Kurz Graft Probe Leaves Austria on the Brink: What Happens Next
(Bloomberg) -- Austria’s political class is scrambling to find a way forward after Chancellor Sebastian Kurz was named as a suspect in a corruption probe leaving his government on the ropes.
Kurz and nine others are suspected of funneling public money to a newspaper publisher from 2016 to help with his rapid rise to power. Prosecutors raided the offices of several Chancellery staff on Wednesday. Kurz has denied any wrongdoing.
Can Kurz hang on?
Kurz’s People’s Party is the largest bloc in the Austrian Parliament and the political turmoil has united the group behind its leader. State leaders have come out in support and ministers have said they won’t serve in a cabinet without him.
But the People’s Party needs the backing of the Greens to govern and they are ready to abandon Kurz.
Vice-Chancellor Werner Kogler, leader of the Greens, said the government can’t continue with business as usual and Sigrid Maurer, head of the party’s parliamentary caucus, on Friday called on the People’s Party to find an “impeccable person” to take over from Kurz.
If the Greens side with the main opposition parties in Tuesday’s no-confidence vote then Kurz is toast.
Would that mean a snap elections?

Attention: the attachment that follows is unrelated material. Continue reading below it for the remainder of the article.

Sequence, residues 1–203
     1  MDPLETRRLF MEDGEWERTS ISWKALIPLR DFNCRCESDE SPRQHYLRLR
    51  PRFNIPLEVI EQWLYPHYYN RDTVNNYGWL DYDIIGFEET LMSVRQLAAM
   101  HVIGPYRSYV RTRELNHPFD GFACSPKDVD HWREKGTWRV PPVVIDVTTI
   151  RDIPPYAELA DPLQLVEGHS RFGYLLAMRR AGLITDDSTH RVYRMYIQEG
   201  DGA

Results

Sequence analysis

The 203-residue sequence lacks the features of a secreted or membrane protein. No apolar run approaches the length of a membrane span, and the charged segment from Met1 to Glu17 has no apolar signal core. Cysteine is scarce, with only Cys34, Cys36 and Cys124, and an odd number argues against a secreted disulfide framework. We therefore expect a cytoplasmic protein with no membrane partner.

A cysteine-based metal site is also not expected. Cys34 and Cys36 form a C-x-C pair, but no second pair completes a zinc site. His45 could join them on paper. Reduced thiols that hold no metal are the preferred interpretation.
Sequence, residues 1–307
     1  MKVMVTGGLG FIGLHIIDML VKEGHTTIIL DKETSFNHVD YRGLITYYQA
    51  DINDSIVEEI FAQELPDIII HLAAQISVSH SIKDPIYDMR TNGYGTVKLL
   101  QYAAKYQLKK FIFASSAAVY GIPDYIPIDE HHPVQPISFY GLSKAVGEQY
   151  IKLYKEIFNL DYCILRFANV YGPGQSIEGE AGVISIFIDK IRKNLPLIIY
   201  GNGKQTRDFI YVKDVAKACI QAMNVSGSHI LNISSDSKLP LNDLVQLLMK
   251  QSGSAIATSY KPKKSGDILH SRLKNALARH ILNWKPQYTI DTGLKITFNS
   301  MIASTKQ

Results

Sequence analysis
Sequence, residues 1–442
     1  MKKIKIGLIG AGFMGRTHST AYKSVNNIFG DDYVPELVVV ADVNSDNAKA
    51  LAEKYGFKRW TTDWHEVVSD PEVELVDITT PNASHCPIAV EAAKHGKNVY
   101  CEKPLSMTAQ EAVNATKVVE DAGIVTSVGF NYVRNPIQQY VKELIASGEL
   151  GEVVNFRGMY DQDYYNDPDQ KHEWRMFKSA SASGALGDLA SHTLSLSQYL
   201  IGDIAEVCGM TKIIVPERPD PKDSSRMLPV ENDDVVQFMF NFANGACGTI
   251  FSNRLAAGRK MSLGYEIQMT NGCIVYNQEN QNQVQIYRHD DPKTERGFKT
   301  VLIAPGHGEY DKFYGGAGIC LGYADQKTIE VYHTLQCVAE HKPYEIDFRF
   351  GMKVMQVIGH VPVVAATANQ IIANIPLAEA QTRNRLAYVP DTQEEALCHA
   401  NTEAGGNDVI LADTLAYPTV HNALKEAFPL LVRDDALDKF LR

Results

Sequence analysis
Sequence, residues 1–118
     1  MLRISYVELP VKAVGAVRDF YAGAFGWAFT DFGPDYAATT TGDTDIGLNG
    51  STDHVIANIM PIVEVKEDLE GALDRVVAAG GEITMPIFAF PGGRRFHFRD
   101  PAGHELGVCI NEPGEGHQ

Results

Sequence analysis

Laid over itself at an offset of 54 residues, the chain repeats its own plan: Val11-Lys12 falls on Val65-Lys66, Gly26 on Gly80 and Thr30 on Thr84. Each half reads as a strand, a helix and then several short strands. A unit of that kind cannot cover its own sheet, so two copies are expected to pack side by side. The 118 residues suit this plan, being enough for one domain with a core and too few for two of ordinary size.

After speaking to party leaders, President Alexander Van der Bellen -- whose day-to-day role is largely ceremonial -- late Friday called on parliament to decide the fate of the government.
The president has the power to dissolve the government and could ultimately call a third election in five years. But he may try to engineer a new coalition or appoint a caretaker government.
One key factor in this will be that the cash-strapped opposition is desperate to avoid another showdown with Kurz, who bounced back from one scandal involving his previous coalition partner two years ago and was leading opinion polls by about 10 percentage points before the raids this week.
What would an alternative coalition look like?
The math is tricky because the nationalist Freedom Party, which previously supported Kurz, has 30 seats in the legislature.
So either the Greens and the center-left would need to find common ground with the Freedom Party. Or the People’s Party would need to back an alternative chancellor.
Neither option looks straightforward.
And what’s the election outlook?
The People’s Party has always done well under Kurz and a vote now would catch the opposition unprepared.
But Kurz would most likely still need a coalition partner in order to govern and that could leave the political class back where they started.
Even if the 35-year-old leader does cling on, he may face a steady drip of new allegations as prosecutors systematically haul in the political elite for questioning. Kurz himself has said he also expects to face charges for giving false testimony to parliament.
Is there more dirt to come?
The corruption probe is part of a wide-ranging investigation into a lurid video shot on the Spanish island of Ibiza that showed Kurz’s former coalition partner offering government contracts to a woman posing as a Russian oligarch’s niece.
Prosecutors have obtained thousands of text messages relating to the case, including some between Kurz and his closest allies. The head of the state holding company, an associate of the chancellor, was forced to resign earlier this year as a result of the probe.
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